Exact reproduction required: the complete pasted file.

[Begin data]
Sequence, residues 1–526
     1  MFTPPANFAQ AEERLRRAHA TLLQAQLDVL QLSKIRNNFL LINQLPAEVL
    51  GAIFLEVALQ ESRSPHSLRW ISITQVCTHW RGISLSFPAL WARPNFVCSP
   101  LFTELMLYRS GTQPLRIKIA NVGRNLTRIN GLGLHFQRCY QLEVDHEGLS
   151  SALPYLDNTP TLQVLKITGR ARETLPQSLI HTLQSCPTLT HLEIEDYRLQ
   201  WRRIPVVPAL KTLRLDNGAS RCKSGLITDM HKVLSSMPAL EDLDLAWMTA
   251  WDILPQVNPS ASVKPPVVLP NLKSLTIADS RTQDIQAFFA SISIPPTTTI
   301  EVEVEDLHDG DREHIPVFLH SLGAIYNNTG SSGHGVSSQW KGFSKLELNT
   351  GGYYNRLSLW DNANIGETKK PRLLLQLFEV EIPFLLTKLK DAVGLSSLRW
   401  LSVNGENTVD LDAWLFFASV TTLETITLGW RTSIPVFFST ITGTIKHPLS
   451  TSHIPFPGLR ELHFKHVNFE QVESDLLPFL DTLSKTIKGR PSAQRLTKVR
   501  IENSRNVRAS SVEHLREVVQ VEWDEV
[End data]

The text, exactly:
Sequence, residues 1–526
     1  MFTPPANFAQ AEERLRRAHA TLLQAQLDVL QLSKIRNNFL LINQLPAEVL
    51  GAIFLEVALQ ESRSPHSLRW ISITQVCTHW RGISLSFPAL WARPNFVCSP
   101  LFTELMLYRS GTQPLRIKIA NVGRNLTRIN GLGLHFQRCY QLEVDHEGLS
   151  SALPYLDNTP TLQVLKITGR ARETLPQSLI HTLQSCPTLT HLEIEDYRLQ
   201  WRRIPVVPAL KTLRLDNGAS RCKSGLITDM HKVLSSMPAL EDLDLAWMTA
   251  WDILPQVNPS ASVKPPVVLP NLKSLTIADS RTQDIQAFFA SISIPPTTTI
   301  EVEVEDLHDG DREHIPVFLH SLGAIYNNTG SSGHGVSSQW KGFSKLELNT
   351  GGYYNRLSLW DNANIGETKK PRLLLQLFEV EIPFLLTKLK DAVGLSSLRW
   401  LSVNGENTVD LDAWLFFASV TTLETITLGW RTSIPVFFST ITGTIKHPLS
   451  TSHIPFPGLR ELHFKHVNFE QVESDLLPFL DTLSKTIKGR PSAQRLTKVR
   501  IENSRNVRAS SVEHLREVVQ VEWDEV